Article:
You forgot Dancing with the Stars. I work with people who can name all the contestants, what they wore, their scores, etc. but have no idea who is running for office or what they stand for. And yes, they vote.

    • Alliance to Restore the Republic of the United States of America says:

      What good does voting do if all the laws, like this one, are written to empower corporations? What good is voting if all the candidates are corporate shill millionaires? How do we make the system work if it’s been broken, bought and gamed to the point where votes (and by proxy, the people) don’t matter?

      Vermont is doing the right thing here. I’m just pessimistic that it’ll do any good. You can’t fix a system this broken by using the system. You have start with a whole new system. The only way to fix it is to flush it all away.

    • Bsamm09 says:

      What about limited partnerships? How do we fight them?

    • Unclaoshi says:

      I totally agree with this. I also believe that people need to be aware of how their representative votes on issues and if they are unhappy with it and their state can have recall votes they need to use them.

    • MathMan aka Random Talker says:

      And “The Voice.” My wife, who has never gotten caught up in any of this American Idol/Dancing with the Stars …. detritus … seems to have become obsessed with The Voice. Where is the woman I married?

      p.s. Those shows aren’t really the detritus of society, I just don’t like them and felt like using the word detritus today.

    • jerry101 says:

      Sorry pal, I used to think that way and I wish it were true. But, the game is rigged. While certain candidates may be fairly liberal or very conservative, the Congress effectively ranges, on issues affecting big business, from right of center to far right. Individual legislators may be good (however you define good) on some issues, but the powers of big money have enough in their pocket to ensure that any legislation that harms their interests is so watered down as to be virtually ineffective and to ensure that legislation they favor gets through regardless of popular opposition. Every liberal senator, for example, is in the pocket of some industry or another. They can always muster enough votes to push through pro corporate legislation, while avoiding damaging the reputation of any legislator who will be harmed for supporting it. The only time pro corporate legislation is ever topped is when it directly harms the interests of another stron business lobby (see PIPA. Supported by Hollywood. Opposed by silicon valley.)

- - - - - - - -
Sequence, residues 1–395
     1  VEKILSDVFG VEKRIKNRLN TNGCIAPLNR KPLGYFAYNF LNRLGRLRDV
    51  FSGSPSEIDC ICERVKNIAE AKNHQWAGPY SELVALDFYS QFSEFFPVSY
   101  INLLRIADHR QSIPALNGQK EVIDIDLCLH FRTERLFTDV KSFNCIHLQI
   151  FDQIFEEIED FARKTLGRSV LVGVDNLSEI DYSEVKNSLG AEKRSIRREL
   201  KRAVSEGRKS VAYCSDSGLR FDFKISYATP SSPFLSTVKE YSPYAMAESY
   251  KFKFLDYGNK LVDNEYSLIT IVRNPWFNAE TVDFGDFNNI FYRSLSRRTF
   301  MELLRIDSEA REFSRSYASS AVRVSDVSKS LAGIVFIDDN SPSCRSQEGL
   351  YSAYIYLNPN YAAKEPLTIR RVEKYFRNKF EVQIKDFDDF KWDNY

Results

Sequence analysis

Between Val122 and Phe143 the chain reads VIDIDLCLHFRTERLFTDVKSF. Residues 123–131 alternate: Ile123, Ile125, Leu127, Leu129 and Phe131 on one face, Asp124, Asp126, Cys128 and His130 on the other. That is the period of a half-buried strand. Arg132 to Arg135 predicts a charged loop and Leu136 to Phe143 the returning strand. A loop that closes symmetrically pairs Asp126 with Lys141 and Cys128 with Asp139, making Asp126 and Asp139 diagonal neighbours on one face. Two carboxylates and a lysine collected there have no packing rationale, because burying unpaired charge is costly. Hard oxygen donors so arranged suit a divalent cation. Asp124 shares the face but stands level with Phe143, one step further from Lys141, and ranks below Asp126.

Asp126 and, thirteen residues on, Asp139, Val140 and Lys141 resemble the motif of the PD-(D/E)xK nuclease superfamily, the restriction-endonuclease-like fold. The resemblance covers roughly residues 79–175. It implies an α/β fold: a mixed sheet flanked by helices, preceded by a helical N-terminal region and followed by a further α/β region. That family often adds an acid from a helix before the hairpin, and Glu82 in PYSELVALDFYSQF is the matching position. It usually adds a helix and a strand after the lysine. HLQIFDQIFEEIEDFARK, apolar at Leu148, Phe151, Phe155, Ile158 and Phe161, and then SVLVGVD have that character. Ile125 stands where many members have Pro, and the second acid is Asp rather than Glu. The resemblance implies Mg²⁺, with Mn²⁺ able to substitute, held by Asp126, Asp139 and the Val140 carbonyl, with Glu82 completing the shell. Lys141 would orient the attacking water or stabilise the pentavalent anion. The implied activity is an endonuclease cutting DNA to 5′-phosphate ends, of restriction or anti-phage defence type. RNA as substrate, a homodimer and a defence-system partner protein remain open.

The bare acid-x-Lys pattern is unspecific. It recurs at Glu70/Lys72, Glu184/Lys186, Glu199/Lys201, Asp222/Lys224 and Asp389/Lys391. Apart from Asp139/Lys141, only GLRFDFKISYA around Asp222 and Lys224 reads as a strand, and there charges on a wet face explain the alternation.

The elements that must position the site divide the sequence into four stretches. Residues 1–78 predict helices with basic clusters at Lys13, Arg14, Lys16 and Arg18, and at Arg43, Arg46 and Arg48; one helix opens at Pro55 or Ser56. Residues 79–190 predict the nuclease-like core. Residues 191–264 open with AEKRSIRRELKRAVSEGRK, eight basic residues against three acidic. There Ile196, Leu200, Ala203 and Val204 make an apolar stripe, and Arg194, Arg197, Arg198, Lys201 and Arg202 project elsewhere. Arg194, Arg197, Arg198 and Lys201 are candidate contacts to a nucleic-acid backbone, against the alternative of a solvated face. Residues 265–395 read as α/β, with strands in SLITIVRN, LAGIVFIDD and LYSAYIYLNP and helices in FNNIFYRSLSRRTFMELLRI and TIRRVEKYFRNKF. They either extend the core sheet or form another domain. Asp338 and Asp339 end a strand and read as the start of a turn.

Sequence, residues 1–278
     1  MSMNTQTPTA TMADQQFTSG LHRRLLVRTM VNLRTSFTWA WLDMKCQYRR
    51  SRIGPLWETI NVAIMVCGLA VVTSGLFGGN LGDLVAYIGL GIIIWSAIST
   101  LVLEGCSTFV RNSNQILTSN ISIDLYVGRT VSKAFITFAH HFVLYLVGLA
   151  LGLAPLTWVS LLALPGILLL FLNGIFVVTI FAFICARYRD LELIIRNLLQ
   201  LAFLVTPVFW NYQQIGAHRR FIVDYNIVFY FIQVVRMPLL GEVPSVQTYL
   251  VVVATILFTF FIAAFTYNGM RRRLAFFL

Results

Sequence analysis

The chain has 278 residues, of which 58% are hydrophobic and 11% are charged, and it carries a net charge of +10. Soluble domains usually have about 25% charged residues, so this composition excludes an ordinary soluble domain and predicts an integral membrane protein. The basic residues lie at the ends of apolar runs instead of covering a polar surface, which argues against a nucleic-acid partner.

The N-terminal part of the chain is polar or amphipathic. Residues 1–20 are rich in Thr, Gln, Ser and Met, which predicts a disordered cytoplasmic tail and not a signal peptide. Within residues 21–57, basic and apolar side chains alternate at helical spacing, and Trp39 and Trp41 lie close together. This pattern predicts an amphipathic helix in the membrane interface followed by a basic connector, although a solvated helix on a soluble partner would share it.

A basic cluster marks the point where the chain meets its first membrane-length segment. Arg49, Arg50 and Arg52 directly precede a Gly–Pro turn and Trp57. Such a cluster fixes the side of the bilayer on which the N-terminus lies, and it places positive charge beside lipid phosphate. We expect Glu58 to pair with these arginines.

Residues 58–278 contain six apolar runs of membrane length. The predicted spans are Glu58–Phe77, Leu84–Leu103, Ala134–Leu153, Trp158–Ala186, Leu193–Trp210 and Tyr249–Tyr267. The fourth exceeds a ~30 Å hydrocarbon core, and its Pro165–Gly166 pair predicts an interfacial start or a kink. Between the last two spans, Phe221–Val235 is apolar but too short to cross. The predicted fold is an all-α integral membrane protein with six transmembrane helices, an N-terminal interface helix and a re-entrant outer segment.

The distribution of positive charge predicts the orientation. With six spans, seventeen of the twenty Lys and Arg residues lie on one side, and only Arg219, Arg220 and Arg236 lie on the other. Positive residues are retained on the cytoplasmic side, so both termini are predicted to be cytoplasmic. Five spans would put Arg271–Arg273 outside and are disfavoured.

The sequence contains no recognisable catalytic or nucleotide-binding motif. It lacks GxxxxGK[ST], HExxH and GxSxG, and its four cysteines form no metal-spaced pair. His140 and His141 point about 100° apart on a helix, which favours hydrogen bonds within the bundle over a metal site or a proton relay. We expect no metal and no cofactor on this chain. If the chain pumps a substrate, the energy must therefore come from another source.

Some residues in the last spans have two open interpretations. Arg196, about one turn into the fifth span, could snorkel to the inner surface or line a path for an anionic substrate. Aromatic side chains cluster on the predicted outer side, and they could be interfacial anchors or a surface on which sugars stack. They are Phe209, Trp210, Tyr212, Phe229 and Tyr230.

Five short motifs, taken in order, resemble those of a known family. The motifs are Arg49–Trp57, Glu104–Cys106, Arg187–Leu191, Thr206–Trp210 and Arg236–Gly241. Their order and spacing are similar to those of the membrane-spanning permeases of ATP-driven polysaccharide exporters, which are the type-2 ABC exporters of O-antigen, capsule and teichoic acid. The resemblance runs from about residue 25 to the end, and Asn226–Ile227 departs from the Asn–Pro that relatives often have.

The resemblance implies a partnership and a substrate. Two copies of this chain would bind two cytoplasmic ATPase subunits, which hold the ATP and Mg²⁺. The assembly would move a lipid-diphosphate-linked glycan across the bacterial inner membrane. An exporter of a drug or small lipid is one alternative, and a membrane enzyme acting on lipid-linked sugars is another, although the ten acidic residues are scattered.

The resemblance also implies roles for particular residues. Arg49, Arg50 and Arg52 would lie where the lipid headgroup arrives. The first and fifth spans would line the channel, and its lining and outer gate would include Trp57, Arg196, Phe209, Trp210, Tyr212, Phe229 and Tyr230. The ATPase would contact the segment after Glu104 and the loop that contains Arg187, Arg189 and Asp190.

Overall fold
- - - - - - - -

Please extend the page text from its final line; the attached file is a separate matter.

I still vote, but the choices suck. The more you learn, the more depressing it gets. I say vote the worst, nastiest, most pro corporate, anti citizen legislature in possible, and he they oslo much damage that the people rise up and force one real change.

    • pop top says:

      “The most effective weapon … would be more people taking a active interest in politics…”

      Ha, you’re funny.

  2. Lucky225 says:

    That seems to run afoul of Vermont Statutes Annotated, Section 128

    § 128. Person

    “Person” shall include any natural person, corporation, municipality, the state of Vermont or any department, agency or subdivision of the state, and any partnership, unincorporated association or other legal entity. (Amended 1969, No. 207 (Adj. Sess.), ¬ß 2, eff. March 24, 1970.)

    • chargernj says:

      An amendment to the Vermont State Constitution would supersede a Vermont statute.

      • Lucky225 says:

        Which means all statutes that use the word “Person” are hence null and void since the definition of Person is now undefined, and/or in the alternative, such statutes now only apply to natural persons and not corporations, which will have the opposite effect of the Constitutional amendment, as corporations would hence be exempt from said statutes.